Avi Weider started making movies in high school, thrilled to "while away the hours editing Super-8 silent shorts" in a film production class at Brooklyn College that he talked himself into for English class credit. In college he studied Film theory, history and criticism but has to teach himself the 'making' part of film. After more Super-8 "epics followed," he got out of school and started working on features in the editing room. His 1998 short "I Remember" debuted at Sundance, while at the same time he began supporting himself with computer programming for corporate clients.
Then, he opened Loop Filmworks, where he produced commercials and promos for cable and broadcast TV, while helping produce some feature documentaries and writing screenplays. In 2006 the focus shifted back to filmmaking, resulting in his Sundance Lab and Sloan Foundation supported projects, "Zeroes and Ones" and SXSW-debuting "Welcome to the Machine."
What it's about: Upon fathering triplets, filmmaker Avi Zev Weider explores the nature of technology, seeking what it means to be human.
Avi says: Typically, films about technology focus solely on specific inventions, scientists or discoveries. In the daily major media as well, most stories are about the business of technology, dealing with novelty and glossing over any nuanced issues. It is with rare exception that a film engages the larger questions surrounding technology. However, quite the opposite is true of most people’s daily encounters and conversations. That is to say, every time we have a discussion about technology, be it artificial intelligence, cell phones or e-mail, the conversation invariably ends up being about ourselves – about what we value as people. And it is these values – be it choices, be it relationships, be it family – that are what make us human.
Ultimately, what I continue to find really fascinating is that the force that shaped the creation of the smartphone in my pocket is the very same one that can make people kill each other and is also the same force that may very well allow my children to live forever.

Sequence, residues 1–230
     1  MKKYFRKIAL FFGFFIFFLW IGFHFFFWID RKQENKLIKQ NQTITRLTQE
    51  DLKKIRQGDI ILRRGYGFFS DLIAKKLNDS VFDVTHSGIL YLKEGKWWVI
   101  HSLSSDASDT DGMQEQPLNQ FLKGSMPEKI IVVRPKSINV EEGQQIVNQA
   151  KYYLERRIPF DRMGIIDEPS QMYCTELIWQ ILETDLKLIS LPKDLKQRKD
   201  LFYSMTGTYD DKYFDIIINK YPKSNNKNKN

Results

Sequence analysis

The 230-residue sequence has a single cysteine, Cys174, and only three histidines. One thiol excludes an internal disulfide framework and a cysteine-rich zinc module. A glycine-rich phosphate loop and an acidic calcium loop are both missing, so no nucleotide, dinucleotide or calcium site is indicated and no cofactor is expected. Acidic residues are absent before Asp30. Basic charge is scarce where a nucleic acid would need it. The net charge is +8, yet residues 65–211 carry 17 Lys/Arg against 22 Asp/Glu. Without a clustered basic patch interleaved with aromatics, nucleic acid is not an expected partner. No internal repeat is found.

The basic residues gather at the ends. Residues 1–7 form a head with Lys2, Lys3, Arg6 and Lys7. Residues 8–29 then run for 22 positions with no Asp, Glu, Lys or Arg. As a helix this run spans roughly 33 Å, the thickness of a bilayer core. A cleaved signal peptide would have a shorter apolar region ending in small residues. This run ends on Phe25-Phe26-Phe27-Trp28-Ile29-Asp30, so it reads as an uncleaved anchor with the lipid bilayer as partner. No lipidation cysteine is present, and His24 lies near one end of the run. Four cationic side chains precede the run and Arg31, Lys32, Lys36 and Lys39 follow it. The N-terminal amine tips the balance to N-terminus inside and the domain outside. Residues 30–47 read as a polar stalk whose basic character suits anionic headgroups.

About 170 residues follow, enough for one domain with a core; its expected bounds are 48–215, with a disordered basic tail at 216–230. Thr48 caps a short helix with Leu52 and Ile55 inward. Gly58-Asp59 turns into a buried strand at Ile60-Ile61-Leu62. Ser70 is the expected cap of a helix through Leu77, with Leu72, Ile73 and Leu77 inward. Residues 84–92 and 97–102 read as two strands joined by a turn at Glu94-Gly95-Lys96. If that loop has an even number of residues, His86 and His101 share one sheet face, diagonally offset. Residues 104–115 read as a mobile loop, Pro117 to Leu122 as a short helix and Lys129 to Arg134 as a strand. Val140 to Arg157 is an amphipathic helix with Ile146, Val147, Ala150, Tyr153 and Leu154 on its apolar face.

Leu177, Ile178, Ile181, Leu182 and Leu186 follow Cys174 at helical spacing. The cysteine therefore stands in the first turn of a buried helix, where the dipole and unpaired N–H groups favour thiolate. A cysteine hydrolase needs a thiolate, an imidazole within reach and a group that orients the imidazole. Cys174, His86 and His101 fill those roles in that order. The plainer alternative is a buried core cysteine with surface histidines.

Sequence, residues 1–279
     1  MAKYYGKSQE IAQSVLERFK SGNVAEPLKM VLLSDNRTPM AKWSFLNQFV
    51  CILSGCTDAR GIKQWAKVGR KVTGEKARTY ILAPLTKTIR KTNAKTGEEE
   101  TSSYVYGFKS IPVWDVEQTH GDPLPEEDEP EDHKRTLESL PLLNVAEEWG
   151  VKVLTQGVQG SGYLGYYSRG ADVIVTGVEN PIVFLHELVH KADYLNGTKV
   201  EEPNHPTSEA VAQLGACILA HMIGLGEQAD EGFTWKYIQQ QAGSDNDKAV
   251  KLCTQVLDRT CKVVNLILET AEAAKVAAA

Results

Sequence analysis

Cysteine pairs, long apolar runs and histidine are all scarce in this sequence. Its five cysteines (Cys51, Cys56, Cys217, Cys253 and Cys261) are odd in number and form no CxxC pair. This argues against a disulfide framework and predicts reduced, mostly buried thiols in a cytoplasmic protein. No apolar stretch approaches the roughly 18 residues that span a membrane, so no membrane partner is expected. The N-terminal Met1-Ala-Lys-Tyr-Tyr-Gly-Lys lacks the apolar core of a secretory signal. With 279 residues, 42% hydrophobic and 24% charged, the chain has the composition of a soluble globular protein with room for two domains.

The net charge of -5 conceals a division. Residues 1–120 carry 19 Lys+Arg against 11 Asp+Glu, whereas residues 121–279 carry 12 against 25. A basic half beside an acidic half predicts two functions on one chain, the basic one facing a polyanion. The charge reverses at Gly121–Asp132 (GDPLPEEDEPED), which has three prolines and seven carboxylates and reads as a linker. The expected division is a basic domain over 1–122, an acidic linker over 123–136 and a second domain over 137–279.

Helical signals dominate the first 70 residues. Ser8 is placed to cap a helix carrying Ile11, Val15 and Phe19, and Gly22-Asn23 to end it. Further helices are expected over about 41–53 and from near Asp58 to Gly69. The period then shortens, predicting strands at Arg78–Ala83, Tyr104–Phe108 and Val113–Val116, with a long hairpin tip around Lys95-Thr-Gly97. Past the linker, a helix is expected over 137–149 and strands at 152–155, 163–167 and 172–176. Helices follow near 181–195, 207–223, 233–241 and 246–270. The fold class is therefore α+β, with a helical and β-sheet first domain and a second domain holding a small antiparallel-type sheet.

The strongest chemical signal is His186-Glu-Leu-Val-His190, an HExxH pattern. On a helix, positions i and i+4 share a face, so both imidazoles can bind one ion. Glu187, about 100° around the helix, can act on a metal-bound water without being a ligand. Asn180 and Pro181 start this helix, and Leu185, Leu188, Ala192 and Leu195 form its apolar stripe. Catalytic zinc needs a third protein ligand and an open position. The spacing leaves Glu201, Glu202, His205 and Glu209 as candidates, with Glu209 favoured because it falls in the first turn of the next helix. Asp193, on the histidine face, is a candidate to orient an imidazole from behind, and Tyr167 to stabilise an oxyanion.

What challenges did you face making the film? My biggest challenge was trying to contain a topic that easily becomes so wide and ranging, so as to go in a million directions at once. When you try to talk about how technology affects us human beings, you quickly get into areas of philosophy, science, religion – you name it.
The other very challenging aspect for me was the birth of the triplets. Suddenly, my time to work on the film evaporated. But, as it turned out, their birth and all the challenges therein was also the key to how to ultimately structure the film, how to give it the emotional weight I felt it needed and how to personalize what could be a very cold and alienating topic.
What's in the pipeline? I've got my Sundance Lab and Sloan Foundation supported narrative project, "Zeroes and Ones." In many ways I feel it's a (twin?) sister project to "Welcome to the Machine" as it was conceived fairly simultaneously and is about technology and interpersonal relationships.
"Zeroes and Ones" is about a young woman who, in creating an 'intelligent' computer out of discarded parts, completes her grandmother's story of how she survived Auschwitz. So, again, it's a film about personal history (my own grandmother was a survivor), digital memory versus human memory and how technology is really a reflection of who we are and who we want each other to be.
Indiewire invited SXSW Film Festival directors to tell us about their films, including what inspired them, the challenges they faced and what they're doing next. We'll be publishing their responses leading up to the 2012 festival.
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